Audisto File Size Checker

How to detect file size related issues on your website

The file size directly influences a website's performance parameters like loading speed as well as maintenance cost for traffic. By influencing the loading speed, the file size also influences the user experience and therefore the rate of user engagement. This can have a direct impact on your sales.

With this hints section you can identify the most common issues that lead to an increased file size of a website.

Example: Audisto File Size Check with the size hint reports for the current crawl

Audisto File Size Check with the size hint reports for the current crawl

Here is the list of all specific hints related to file sizes, that can be identified with the help of the Audisto Crawler.

Table Of Content

Hints

<html> is more than 100 KB in size

Description

If a document is more than 100 KB in size, the URL is flagged with this hint. Use this report to find all HTML documents on the crawled website that have more than 100 KB of markup.

Examples

HTML markup contains a lot of:

  • inline css
  • inline javascript
  • inline images
  • inline fonts
  • whitespace
  • HTML comments
  • bloated markup
Importance

Having more than 100 KB of code in an HTML document is usually a sign of bloated markup and adds to traffic volume, loading time and rendering time. Reducing the size of the HTML document will result in less traffic volume for the user and the webmaster. It will also enhance performance and optimize the user experience of the website.

Operating Instruction

You may want to reduce the size of the document. This can be done by consolidating inline elements into external files, reducing HTML comments or markup optimization depending on your site's core markup.

<script> more than 3 KB within HTML

Description

If more than 3 KB of JavaScript is found within the HTML, the URL is flagged with this hint. Use this report to identify all occurrences of inline JavaScript with more than 3 KB in total.

Importance

If more than 3 KB of inline JavaScript is found in one HTML document, this usually indicates unnecessarily bloated code. 3 KB may not seem like a lot, but the numbers can add up if this occurs on larger websites. This leads to:

  • waste of bandwidth
  • lower performance
  • poor overall user experience

Moving inline JavaScript to separate files is a best practice for performance optimization.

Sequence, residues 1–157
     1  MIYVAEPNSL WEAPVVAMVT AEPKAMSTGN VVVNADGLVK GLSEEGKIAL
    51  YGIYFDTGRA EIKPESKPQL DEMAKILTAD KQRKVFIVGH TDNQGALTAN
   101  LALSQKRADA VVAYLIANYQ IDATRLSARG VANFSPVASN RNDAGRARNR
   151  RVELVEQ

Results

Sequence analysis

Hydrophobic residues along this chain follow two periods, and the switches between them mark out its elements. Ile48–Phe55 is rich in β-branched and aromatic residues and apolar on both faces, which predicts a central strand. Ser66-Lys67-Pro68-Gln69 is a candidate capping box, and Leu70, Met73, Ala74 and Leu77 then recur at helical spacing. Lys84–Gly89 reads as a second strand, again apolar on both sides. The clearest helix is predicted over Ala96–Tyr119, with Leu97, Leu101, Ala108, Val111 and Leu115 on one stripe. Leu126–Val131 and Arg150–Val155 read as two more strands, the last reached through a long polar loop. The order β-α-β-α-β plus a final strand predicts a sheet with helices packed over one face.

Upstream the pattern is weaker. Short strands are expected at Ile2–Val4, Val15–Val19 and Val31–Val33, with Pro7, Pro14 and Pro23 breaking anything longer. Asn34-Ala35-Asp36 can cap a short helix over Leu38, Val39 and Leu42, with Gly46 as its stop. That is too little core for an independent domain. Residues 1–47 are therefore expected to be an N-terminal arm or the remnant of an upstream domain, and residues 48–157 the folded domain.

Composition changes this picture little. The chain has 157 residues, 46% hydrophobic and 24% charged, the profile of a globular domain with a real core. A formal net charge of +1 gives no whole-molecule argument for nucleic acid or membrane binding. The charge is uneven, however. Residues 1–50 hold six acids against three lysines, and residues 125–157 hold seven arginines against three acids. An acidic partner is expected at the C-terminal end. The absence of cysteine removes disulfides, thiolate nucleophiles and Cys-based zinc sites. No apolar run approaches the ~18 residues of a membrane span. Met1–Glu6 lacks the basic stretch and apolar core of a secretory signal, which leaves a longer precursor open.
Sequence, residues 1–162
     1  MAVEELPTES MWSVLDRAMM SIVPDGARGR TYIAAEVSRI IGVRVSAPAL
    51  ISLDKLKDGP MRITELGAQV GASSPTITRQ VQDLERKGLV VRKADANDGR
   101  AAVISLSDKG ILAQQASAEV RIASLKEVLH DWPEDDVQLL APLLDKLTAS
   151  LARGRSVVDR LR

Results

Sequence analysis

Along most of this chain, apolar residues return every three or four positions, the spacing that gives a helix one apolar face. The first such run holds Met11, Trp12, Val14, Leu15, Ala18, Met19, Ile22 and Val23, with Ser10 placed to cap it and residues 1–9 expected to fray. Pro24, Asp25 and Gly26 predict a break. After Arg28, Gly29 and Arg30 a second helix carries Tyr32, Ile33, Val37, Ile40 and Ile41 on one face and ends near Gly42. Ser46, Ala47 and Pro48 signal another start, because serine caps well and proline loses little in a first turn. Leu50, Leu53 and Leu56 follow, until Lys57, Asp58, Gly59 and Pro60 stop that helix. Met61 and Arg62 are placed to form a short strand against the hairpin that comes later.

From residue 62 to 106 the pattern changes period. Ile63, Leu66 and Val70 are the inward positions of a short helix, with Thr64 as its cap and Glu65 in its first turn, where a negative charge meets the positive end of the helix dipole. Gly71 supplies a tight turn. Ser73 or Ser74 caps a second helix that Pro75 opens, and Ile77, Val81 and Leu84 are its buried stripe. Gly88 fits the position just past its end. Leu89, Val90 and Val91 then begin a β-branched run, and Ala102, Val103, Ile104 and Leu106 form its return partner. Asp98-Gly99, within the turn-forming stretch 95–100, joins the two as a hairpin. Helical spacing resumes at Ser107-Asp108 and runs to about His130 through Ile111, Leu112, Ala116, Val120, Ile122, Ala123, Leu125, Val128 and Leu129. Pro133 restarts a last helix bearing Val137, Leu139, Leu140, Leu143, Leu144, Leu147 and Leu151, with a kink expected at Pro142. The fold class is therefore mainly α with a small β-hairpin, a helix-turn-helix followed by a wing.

Operating Instruction

JavaScript should be placed in a separate file whenever this helps to improve performance.

CSS <style> content larger than 0.5 KB

Description

If more than 0.5 KB of CSS is found within <style> tags, the URL is flagged with this hint. Use this report to identify all occurences of inline style sheets with more than 0.5 KB in total.

Importance

If more than 0.5 KB of inline CSS is found in one HTML document, this usually indicates unnecessarily bloated code. 0.5 KB may not seem like a lot, but the numbers can add up if this occurs on larger websites. This leads to:

  • Waste of bandwidth
  • Lower performance
  • Poor overall user experience

Moving inline CSS to seperate files is a best practice for performance optimization.

Operating Instruction

CSS should be placed in a separate file whenever this helps to improve performance.

CSS <style> found

Description

If CSS is found within a <style> tag, the URL is flagged with this hint. CSS should be placed in a separate file whenever it is used across multiple webpages.

Example
<style>
h1 { color: green; }
</style>
Importance

Inline CSS can indicate poorly written markup. CSS definitions should usually be in an external file that can be cached by clients and, once requested, be used for multiple page views. This reduces the size of the actual HTML document and improves the website's performance. If inline CSS is used excessively, this can lead to:

  • Waste of bandwidth
  • Lower performance
  • Poor overall user experience

Moving inline CSS to external files is a best practice for performance optimization.

Operating Instruction

CSS should be placed in a separate file whenever it is used across multiple webpages. By doing this, you can make the CSS cacheable and deliver HTML documents that have lower file sizes.

CSS style attribute found

Description

If CSS is found as a style attribute, the URL is flagged with this hint. CSS should be placed in a separate file whenever it is used across multiple webpages. Use this report to identify all URLs that contain style attributes in the HTML markup.

Example
<p style="text-decoration:bold;">text</p>
Importance

Style attributes in HTML tags are usually not the most optimal way to achieve styling of certain elements. Best practice suggests to put CSS definitions into separate CSS files that can be cached by clients across multiple page views. This reduces the size of the actual HTML document and improves the website's performance.

Operating Instruction

Style defintions should be placed in a separate file whenever this helps to improve performance.

Compression not enabled

Description

Content compression was not enabled, or the gzip/deflate compression is not supported by the server.

Example

Request Header asking for gzip, deflate or sdch:

GET /page.html HTTP/1.1
Host: example.com
...
Accept-Encoding: gzip, deflate, sdch

Response Header with gzip compression:

HTTP/1.1 200 OK
...
Content-Encoding: gzip
Content-Length: 1140

Response Header without gzip compression:

HTTP/1.1 200 OK
...
Content-Length: 4726
Importance

Compression can reduce bandwidth usage dramatically and is recommended. Compression was introduced with HTTP 1.1. HTTP 1.0 does not support compression. Compression affects the data volume that needs to be transfered and can improve the performance of your website. Better performance equals a better user experience.

Operating Instruction

We recommend that you globally enable compression like gzip or deflate on your website.